Due to its efficiency and immediacy, social media usage to
communicate during disasters has become increasingly popular.
Social media provides users a way to instantaneously request
assistance, report injuries and provide immediate situational
updates. This medium has become a valuable tool for first
responders because of its usefulness in gathering information
about the disaster.
In jurisdiction’s dealing with an incident of national
significance, the following lessons can be learned:
The world is watching and wants to help,
Rumors will run rampant because people try to live-tweet
scanners and news broadcasts in crisis events,
Images and videos, no matter how graphic, will surface, and
The amount of information available will become a sifting and
sorting nightmare, but There is now little dispute that the use
of social media can rapidly allow agencies to share information
and employ the public as additional eyes and ears during
Acknowledging the crisis event, in some way, shows that your
agency is tuned in and aware of national events.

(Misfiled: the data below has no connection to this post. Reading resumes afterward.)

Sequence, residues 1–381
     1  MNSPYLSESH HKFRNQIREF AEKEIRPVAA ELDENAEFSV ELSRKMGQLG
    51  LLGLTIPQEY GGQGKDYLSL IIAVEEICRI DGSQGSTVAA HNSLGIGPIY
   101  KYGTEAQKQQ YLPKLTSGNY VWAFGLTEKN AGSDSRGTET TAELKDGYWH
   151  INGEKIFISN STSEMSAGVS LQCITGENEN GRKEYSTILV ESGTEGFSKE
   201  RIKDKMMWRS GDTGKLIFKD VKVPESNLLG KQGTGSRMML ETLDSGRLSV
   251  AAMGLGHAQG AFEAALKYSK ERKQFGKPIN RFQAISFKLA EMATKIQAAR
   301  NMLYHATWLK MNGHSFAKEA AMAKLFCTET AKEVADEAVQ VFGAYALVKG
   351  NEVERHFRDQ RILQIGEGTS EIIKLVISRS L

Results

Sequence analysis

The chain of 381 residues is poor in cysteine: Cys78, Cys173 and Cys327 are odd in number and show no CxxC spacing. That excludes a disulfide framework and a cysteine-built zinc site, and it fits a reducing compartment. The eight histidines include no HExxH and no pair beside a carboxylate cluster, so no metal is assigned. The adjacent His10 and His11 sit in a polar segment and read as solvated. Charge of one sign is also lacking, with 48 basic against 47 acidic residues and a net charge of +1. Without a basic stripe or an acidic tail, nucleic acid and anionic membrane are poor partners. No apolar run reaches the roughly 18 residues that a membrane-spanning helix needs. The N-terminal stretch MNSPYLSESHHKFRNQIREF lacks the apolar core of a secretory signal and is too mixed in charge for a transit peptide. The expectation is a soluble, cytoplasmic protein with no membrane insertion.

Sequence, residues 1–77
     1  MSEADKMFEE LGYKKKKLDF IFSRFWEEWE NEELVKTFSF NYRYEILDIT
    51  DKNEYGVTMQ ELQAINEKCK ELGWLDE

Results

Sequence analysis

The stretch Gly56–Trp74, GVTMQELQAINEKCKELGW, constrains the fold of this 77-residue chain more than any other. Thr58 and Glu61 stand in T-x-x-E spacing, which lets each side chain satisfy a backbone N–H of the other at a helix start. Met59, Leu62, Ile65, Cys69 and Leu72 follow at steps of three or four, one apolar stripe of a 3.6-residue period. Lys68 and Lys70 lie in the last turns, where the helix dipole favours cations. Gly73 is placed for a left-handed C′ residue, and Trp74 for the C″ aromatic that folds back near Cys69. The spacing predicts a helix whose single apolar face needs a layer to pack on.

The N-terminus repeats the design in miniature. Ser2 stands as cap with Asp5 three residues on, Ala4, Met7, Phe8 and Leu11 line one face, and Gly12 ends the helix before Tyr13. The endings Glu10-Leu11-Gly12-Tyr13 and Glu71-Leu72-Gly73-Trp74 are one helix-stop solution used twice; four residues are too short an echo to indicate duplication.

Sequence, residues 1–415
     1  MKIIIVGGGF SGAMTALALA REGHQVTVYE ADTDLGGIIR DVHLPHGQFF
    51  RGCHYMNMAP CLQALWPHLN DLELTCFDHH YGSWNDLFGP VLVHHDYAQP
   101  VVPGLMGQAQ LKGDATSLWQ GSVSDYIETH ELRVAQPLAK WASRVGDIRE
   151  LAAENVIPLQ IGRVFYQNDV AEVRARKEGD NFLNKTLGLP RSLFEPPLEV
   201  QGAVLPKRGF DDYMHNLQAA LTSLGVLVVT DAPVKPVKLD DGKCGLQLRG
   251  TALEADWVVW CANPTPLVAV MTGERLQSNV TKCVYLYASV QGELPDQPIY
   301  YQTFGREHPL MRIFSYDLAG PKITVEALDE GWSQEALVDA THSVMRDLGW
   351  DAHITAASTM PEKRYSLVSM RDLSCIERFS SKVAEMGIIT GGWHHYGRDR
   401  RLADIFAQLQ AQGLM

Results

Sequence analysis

Empathetic statements can open up a community dialogue.
It is always wise to provide reminders about not overloading
phone lines, using text messages and use of the Red Cross Safe &
Well Reporting website.
Sharing information about emergency plans or local resources
are much more relevant during a time of crisis (and that window
of opportunity evaporates quickly).
Although most hospitals have response plans for natural
disasters, chemical releases, epidemics, and biological events,
many are not as prepared for other types of disasters, such as
explosive or incendiary events, according to a recent report by
the Centers for Disease Control and Prevention.
Social media, already embedded in society, may be the solution to
better preparing hospitals before, during, and after emergencies,
according to a perspective article published today in the New
England Journal of Medicine.
With more than 40 million Americans using social media websites
multiple times a day, tools such as Facebook, Twitter, and other
crowd-sourcing technologies could help hospitals prepare and
respond to disastrous events, according to study authors.